• 2% diss by Mc Lyte which was toward Roxanne Shante.
    • One particularly controversial sublim is whether or not Eminem dissed Lil Wayne and Kanye West in "No Love", which, if he did it, would be remarkable for two reasons: First, that Eminem claimed on another track earlier on the album that dissing Wayne and Kanye would be pathetic; secondly, because Lil Wayne was the featured artist on "No Love".
  • The Pet Shop Boys' "Yesterday, When I Was Mad" has the main character on the receiving end of a barely-stealthy zinger:
    And someone said, "It's fabulous you're still around today—you've both made such a little go a very long way."
  • In "All The Lazy Boyfriends" by They Might Be Giants, it's clear from context the lyric "Man, you never lost your edge" implies that the subject (one of the eponymous "lazy boyfriends") never had an edge to lose.
  • In the live recording of Circle by Harry Chapin, recorded for his Greatest Stories Live album, he tries to coax reluctant members of the audience into singing along by assuring them that "Anybody can sing this song". To this end, he has pretty much everyone on hand sing a verse of the song, including the roadies, whom he describes as "The 70s answer to Simon & Garfunkel. They're a little Seals & Crofts, and a little Sears & Roebuck."

    Print Media 
  • In a Cracked parody of Happy Days, Potsie wonders why they show less of his singing every episode.
    Al: It's because you sound better that way.
    Potsie: Really?
    Al: Sure. And just think how great you'll sound when they don't show your singing at all.
    Potsie: YEAH!

    Pro Wrestling 

  • Cabin Pressure:
    Arthur: Will there be more learning how to understand people?
    Carolyn: No, Arthur, I think you understand as much about people as you ever will.
    Arthur: Thanks, Mum, what a nice thing to say.
    Carolyn: Case in point.
    • Douglas' job reference for Martin states, "Other than myself, there is no one at MJN whose skills as a pilot I rate higher." This is a case where only the person being insulted catches the insult; to the interviewer at Swiss Air, this looks like a high recommendation, but Martin knows that he and Douglas are the only two pilots at MJN.
  • From the sitcom Revolting People:
    Joshua: ...and then before long, I find myself wondering if I'm some kind of idiot!
    Samuel: Oh, I wouldn't waste your time wondering about that.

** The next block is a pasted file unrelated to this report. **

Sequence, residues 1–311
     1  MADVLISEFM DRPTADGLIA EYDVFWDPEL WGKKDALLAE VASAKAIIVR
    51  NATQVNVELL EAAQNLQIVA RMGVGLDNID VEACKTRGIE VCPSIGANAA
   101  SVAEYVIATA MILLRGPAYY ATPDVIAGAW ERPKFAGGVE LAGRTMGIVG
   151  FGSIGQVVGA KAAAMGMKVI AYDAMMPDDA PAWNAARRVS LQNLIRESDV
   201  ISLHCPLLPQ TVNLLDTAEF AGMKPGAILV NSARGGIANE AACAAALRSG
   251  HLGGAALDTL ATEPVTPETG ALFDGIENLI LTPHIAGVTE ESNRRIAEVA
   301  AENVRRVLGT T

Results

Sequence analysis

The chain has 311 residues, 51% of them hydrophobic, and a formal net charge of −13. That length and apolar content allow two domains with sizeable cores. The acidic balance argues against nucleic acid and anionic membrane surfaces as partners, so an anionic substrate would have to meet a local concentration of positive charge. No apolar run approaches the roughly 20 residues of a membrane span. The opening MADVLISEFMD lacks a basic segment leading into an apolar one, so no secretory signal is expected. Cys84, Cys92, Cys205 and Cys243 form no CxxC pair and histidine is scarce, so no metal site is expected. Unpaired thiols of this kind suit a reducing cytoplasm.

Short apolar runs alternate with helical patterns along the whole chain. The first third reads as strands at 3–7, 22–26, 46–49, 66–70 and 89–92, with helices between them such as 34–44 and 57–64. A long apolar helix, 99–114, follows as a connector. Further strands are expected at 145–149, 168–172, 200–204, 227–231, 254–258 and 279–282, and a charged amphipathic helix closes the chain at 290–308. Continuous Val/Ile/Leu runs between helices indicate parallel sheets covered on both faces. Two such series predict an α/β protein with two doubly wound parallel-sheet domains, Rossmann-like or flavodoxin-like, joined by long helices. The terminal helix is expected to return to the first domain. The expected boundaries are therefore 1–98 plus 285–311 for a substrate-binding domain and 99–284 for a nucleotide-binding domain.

• When Jeremy Clarkson and Ian Hislop discuss Piers Morgan:
    Jeremy: I think he's tremendous, isn't he?
    Ian: Yes, you mustn't be fooled by this media idea that we all hate each other.
    Jeremy: No!
    Ian: I mean, he's terrific fun, Piers. He's 'round my house all the time.
    Jeremy: When he isn't at mine! And his career has gone from strength to strength.
    Ian: I mean, who could begrudge him international success, money and wealth?
    Jeremy: And his wife likes him too!

  • American Football:
    • Sportswriters will often refer to certain quarterbacks as "game managers"; a term used to describe quarterbacks that on one hand wouldn't hurt a team by forcing plays that often result in interceptions... but on the other hand said quarterback generally doesn't put up huge stats; as their team typically relies on a strong defense and running game to win.
    • naturally produces highlight packages when their players perform well on the field. When a player has a bad game, the site will typically just ignore them. Unless they have a really bad game, in which case they will produce a "highlights" video showing their repeated failures.
  • Baseball:
    • When PETCO, a pet supply big-box chain, won the naming rights to the San Diego Padres' new ballpark, PETA, who had been protesting PETCO's activities for many years, tried to stop the deal from going through. After failing at that, they decided to have an anti-PETCO message inscribed on a brick inside the stadium. Their first couple of attempts spelled their message out directly and were rejected by the Padres as unsuitable. When they switched to the stealth method of insulting PETCO, their message made it through. What appeared to be a praise of the Padres saying "Break Open Your Cold Ones! Toast The Padres! Enjoy This Championship Organization” at second glance was a subtle acrostic with the first initials of each word spelling out "Boycott PETCO".
    • The 1966 MLB All-Star Game was played at then-new Busch Memorial Stadium in St. Louis, where a severe Heat Wave resulted in a scorching game-time temperature of 105°F. Asked for his opinion of the venue, retired New York Mets manager Casey Stengel replied, "It sure holds the heat well."
  • In Australia's two most popular football codes of Australian rules football and rugby league, the term for the team that tops the regular-season standings is one of these: "minor premiers". Both sports use a playoff system (locally a "finals series") to determine their season champions, and the term "premiers" is reserved for the winners of the finals series.